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Sustained local delivery of structurally diverse HIV-1 microbicides released from sublimation enthalpy controlled matrices.

Gunaseelan S, Gallay PA, Bobardt MD, Dezzutti CS, Esch T, Maskiewicz R - Pharm. Res. (2012)

Bottom Line: Differences in matrix material sublimation enthalpies determined drug release and matrix erosion rates in a thermodynamically definable manner, in vitro and in vivo.Durations of release ranging from several days to several months were readily achieved.Subliming solid matrices show promise as a delivery system providing multi month intravaginal release of a wide range of HIV-1 microbicides.

View Article: PubMed Central - PubMed

Affiliation: Department of Pharmaceutical Sciences, School of Pharmacy Loma Linda University, 11175 Campus Street, Chan Shun Pavilion 21018, Loma Linda, California 92350, USA.

ABSTRACT

Purpose: Use of coital-dependent products to prevent HIV-1 transmission has resulted in mixed success. We hypothesize that incorporation of antiviral drug candidates into a novel controlled delivery system will prolong their activity, making their use coital independent, thus increasing their chance of prophylactic success.

Methods: Tenofovir, emtricitabine, and C5A peptide HIV microbicides were mechanically incorporated into matrices comprising a series of subliming solids. Matrix sublimation rates and drug release rates were measured in three in vitro and one in vivo environments intended to model human vaginal interior. Antiviral activity studies evaluating matrix incorporated microbicides were performed using in vitro cell cultures and human ectocervical explants.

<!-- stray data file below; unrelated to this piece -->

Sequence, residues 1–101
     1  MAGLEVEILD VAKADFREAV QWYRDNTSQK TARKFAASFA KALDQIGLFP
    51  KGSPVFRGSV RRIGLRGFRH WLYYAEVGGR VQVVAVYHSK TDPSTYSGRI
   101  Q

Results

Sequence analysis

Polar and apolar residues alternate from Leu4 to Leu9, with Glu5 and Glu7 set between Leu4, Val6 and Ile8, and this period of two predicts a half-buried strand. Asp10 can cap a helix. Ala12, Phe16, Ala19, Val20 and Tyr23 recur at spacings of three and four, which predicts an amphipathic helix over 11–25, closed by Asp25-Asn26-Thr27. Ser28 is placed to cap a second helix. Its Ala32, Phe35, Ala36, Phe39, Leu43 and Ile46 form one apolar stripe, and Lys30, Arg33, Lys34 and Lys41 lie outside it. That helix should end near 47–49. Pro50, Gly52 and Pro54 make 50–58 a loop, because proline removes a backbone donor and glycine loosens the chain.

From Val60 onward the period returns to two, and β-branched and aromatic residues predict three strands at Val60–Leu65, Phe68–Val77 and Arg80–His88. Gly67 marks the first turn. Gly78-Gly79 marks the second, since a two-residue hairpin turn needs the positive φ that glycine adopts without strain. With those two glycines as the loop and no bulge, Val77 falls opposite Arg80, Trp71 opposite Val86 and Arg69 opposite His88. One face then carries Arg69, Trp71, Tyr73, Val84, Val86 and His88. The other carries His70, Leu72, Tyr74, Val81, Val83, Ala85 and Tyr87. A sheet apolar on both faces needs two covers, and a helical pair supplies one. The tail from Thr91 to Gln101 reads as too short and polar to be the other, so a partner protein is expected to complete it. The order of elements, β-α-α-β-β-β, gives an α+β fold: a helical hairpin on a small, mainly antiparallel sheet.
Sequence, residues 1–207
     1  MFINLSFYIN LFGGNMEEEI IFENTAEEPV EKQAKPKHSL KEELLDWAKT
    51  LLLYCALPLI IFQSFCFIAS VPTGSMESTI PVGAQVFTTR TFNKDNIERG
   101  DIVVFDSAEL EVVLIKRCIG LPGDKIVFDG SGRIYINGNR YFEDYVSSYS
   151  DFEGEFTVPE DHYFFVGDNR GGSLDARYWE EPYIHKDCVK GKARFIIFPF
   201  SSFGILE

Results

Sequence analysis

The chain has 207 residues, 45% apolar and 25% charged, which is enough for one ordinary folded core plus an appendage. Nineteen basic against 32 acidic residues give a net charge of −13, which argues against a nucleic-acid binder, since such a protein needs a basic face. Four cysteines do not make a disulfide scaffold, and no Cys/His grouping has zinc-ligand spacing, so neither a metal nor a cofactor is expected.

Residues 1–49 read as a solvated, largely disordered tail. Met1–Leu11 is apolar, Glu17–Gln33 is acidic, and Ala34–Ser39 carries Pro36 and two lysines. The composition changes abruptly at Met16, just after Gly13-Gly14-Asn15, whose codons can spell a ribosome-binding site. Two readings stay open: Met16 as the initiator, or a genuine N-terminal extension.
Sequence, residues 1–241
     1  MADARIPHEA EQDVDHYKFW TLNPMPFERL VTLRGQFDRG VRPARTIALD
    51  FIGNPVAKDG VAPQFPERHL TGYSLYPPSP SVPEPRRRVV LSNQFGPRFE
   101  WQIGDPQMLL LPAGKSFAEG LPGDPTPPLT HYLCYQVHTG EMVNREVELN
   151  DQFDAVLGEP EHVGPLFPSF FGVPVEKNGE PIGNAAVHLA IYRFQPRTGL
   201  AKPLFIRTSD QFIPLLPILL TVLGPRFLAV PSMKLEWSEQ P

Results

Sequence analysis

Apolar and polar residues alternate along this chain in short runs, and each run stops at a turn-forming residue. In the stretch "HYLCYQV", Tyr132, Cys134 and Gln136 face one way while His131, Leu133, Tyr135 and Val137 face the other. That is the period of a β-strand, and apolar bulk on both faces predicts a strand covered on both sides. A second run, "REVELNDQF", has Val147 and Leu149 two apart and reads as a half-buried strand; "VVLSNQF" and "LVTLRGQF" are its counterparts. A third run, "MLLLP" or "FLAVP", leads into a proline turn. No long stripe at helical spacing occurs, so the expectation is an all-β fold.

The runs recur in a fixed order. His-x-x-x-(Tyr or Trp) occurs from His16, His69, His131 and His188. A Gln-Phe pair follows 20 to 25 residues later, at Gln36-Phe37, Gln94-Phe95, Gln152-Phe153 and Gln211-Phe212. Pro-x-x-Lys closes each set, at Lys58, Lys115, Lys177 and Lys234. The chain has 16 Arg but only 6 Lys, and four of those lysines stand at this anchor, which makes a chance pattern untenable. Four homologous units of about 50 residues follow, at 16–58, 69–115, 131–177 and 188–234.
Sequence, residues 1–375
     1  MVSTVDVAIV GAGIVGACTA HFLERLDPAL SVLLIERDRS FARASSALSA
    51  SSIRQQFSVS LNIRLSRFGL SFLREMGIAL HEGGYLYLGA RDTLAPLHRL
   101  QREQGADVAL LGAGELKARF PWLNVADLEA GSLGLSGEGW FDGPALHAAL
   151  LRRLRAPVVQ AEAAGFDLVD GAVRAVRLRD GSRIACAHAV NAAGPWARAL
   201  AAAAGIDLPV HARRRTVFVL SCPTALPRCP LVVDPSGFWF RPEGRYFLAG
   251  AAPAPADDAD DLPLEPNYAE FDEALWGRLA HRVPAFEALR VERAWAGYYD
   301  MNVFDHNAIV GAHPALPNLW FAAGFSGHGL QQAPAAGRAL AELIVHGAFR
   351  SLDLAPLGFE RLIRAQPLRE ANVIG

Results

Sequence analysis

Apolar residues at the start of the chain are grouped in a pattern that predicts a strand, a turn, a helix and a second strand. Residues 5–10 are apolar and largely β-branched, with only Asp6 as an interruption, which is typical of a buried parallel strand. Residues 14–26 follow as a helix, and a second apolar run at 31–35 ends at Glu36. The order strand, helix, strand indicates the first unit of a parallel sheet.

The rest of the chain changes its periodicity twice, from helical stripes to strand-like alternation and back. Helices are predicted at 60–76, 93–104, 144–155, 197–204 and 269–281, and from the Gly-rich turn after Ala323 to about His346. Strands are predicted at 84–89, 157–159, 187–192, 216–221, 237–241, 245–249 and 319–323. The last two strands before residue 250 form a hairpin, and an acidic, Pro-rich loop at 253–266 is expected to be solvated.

Results: Drug release rates were identical to matrix sublimation rates, and were zero order. Differences in matrix material sublimation enthalpies determined drug release and matrix erosion rates in a thermodynamically definable manner, in vitro and in vivo. Durations of release ranging from several days to several months were readily achieved. Prolonged duration of anti HIV-1 activity was shown for matrix incorporated microbicides, using ectocervical explant and cell culture models of HIV-1 infection.

Conclusion: Subliming solid matrices show promise as a delivery system providing multi month intravaginal release of a wide range of HIV-1 microbicides.

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Related in: MedlinePlus

Comparison of intravaginal sublimation rates in ewes for (a) NOR and (b) HMCS matrices relative to “accelerated” rates obtained in vitro under controlled convection conditions. Each plotted point represents a mean ± SEM (N = 4).
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Fig4: Comparison of intravaginal sublimation rates in ewes for (a) NOR and (b) HMCS matrices relative to “accelerated” rates obtained in vitro under controlled convection conditions. Each plotted point represents a mean ± SEM (N = 4).

Mentions: For NOR and HMCS matrices, intravaginal sublimation occurred (similar to in vitro measurements) at zero-order (constant) rates (Fig. 4a and b), with the 4.5 fold in vivo difference in erosion rates between the two materials being similar if not equivalent to the 6.3 fold difference in rates measured using the “accelerated” in vitro model. The fact that the thermodynamically expected differences in sublimation rates between NOR and HMCS were measured both in vitro and in vivo, suggests that even for the most volatile of the evaluated matrices the thermodynamically controlled surface sublimation step remains rate limiting.Fig. 4